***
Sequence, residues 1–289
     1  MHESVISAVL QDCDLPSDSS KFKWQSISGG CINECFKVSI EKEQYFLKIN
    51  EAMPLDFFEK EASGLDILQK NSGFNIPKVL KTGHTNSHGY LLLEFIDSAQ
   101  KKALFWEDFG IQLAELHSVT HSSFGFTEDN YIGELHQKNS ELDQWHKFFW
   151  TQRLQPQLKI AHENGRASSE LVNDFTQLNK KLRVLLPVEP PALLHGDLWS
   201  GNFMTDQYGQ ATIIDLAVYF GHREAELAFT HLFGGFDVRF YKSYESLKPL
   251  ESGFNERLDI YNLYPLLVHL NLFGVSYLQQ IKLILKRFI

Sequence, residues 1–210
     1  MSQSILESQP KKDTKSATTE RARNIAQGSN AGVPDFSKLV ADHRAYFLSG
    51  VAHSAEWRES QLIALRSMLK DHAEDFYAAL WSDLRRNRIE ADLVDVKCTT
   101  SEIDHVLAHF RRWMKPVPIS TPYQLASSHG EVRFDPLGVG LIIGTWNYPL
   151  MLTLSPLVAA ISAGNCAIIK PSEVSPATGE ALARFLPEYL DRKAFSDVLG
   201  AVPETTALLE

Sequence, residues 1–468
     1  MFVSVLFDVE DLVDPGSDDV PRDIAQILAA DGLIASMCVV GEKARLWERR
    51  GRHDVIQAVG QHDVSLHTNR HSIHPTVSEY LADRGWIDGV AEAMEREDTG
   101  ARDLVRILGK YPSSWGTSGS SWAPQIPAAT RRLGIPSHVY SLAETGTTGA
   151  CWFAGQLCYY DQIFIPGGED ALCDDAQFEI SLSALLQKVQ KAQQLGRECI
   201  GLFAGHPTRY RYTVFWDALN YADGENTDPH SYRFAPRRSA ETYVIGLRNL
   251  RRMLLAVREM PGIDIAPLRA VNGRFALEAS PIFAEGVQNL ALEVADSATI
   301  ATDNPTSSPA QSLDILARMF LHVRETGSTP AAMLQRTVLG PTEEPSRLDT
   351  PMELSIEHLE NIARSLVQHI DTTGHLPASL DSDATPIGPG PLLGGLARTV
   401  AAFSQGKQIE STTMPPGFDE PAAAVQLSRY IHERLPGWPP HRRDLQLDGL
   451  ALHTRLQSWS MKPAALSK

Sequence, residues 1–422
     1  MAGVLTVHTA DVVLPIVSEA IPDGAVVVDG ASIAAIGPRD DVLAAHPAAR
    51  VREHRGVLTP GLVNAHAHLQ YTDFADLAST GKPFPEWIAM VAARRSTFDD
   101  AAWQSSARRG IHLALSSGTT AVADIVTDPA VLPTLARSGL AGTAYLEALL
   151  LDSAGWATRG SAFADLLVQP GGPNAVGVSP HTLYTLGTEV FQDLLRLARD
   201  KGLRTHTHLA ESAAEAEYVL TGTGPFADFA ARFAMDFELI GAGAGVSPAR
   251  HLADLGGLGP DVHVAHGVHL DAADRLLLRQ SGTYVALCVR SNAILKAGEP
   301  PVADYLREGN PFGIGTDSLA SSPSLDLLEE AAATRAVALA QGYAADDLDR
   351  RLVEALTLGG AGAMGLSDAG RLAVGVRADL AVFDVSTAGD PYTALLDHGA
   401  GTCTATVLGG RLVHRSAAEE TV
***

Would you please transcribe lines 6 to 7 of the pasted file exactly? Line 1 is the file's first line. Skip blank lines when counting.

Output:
   201  GNFMTDQYGQ ATIIDLAVYF GHREAELAFT HLFGGFDVRF YKSYESLKPL
   251  ESGFNERLDI YNLYPLLVHL NLFGVSYLQQ IKLILKRFI